Night splints are considered as one of the finest options for relieving the pain caused by plantar fasciitis. According to the studies, night splints are considered as the most effective treatment for plantar fasciitis. Almost one-third of the patients have felt better after using night splints regularly. Since the night splints keep the ankle in a dorsi-flexed position, therefore, the pain comparatively relieves quickly.
Moreover, stretching exercises are also advised by the physiotherapists for smooth muscle movement. The stretching exercises are usually advised to prevent the foot from stiffness.
Besides, the doctor also recommends NSAIDs to relieve the intense pain. Medicines help in relieving the pain temporarily. Along with the medicines, patients are also advised to exercise and stretch.
Other than the treatments mentioned above, the practitioners also recommend treatments like:
- Therapeutic shoes
- Physical therapy
All these treatments have been considered to be the most successful treatments for plantar fasciitis. Doctors often opt for the remedies and treatments mentioned above for mild cases of plantar fasciitis as well as profound ones.
In some cases, a short leg cast is also applied for three to six weeks that helps in the reduction of the pain and inflammation caused by the disorder. Multiple kinds of steroid injections provide permanent relief in some cases where patients have unmanageable fascia pain. Some individuals might undergo surgery to detach the plantar fascia from their heel bone for pain relief. However, one might suffer ruptured plantar fascia and severe pain after these treatments.
Surgery comes with additional risks like infections and nerve injuries which is why doctors suggest another form of treatment like extracorporeal shock wave therapy. It is basically a non-invasive and non-surgical therapy that is less painful than surgery, therefore, most doctors often recommend this over the operation. ExtraCorporeal Shock Wave Therapy has been quite successful with almost 82% of the patients being fully recovered after the treatment.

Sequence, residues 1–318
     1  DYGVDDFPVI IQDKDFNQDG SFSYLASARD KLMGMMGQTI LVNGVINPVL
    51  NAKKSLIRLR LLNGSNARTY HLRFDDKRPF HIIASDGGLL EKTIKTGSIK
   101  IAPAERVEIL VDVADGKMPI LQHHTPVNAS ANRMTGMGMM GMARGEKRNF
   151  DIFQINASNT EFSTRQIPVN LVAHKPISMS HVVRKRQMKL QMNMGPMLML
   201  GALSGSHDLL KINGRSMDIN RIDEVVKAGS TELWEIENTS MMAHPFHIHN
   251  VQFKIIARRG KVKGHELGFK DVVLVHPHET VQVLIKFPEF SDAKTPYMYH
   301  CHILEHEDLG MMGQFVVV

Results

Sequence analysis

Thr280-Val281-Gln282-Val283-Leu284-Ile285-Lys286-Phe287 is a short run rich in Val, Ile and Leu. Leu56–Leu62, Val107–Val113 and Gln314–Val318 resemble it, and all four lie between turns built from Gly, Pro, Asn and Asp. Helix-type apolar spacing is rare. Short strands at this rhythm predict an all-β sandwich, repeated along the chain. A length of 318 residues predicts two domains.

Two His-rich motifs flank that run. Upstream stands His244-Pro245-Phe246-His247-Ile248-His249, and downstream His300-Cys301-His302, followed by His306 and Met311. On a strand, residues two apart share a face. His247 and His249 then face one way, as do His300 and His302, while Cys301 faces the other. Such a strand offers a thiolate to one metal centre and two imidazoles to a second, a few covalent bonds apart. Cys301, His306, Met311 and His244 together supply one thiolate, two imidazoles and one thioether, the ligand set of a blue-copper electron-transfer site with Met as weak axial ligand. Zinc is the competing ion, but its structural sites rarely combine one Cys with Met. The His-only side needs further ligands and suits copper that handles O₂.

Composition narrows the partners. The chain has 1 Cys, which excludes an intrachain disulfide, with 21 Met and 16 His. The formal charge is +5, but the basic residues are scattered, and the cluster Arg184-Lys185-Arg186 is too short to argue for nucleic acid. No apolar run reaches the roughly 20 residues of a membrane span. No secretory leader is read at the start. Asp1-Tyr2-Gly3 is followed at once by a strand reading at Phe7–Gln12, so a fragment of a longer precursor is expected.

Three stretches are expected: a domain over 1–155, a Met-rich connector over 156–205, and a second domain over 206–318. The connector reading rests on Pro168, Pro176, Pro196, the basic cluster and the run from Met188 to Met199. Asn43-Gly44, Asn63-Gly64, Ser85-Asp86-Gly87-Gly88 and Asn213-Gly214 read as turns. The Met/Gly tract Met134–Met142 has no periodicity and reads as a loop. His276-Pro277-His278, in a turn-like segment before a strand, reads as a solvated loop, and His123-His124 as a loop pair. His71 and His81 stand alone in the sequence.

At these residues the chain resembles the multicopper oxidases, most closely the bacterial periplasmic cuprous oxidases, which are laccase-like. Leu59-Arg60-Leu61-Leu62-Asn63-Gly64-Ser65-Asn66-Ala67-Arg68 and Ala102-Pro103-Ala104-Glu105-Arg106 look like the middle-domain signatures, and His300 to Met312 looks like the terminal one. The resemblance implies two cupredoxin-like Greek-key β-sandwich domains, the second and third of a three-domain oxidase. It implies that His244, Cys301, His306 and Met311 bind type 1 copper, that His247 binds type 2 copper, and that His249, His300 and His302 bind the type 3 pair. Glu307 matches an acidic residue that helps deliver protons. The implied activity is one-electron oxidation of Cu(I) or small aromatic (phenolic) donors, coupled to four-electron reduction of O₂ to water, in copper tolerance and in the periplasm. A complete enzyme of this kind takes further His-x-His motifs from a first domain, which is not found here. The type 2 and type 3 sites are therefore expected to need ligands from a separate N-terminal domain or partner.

Thus, from the above discussion we can conclude that plantar fasciitis can be considered as a disability if the condition worsens in the absence of the treatment.
There are numerous distinctive treatment methods that can help in the quick recovery of the inflammation of plantar fascia tissue. Thus, in case of heel pain or plantar fascia inflammation, it is better to see the doctor on time, rather than making the condition worse and turning it into a disability.
- Cornwall, M. W., & McPoil, T. G. (1999). Plantar fasciitis: Etiology and treatment. Journal of Orthopaedic and Sports Physical Therapy, 29(12), 756–760.
- Gross, M. T., Byers, J. M., Krafft, J. L., Lackey, E. J., & Melton, K. M. (2002). The impact of custom semirigid foot orthotics on pain and disability for individuals with plantar fasciitis. Journal of Orthopaedic and Sports Physical Therapy, 32(4), 149–157.
- Kim, E., & Lee, J. H. (2014). Autologous Platelet-Rich Plasma Versus Dextrose Prolotherapy for the Treatment of Chronic Recalcitrant Plantar Fasciitis. PM and R, 6(2), 152–158.
- Mansiz-Kaplan, B., Nacir, B., Pervane-Vural, S., Duyur-Cakit, B., & Genc, H. (2020). Effect of dextrose prolotherapy on pain intensity, disability, and plantar fascia thickness in unilateral plantar fasciitis: A randomized, controlled, double-blind study. American Journal of Physical Medicine and Rehabilitation, 99(4), 318–324.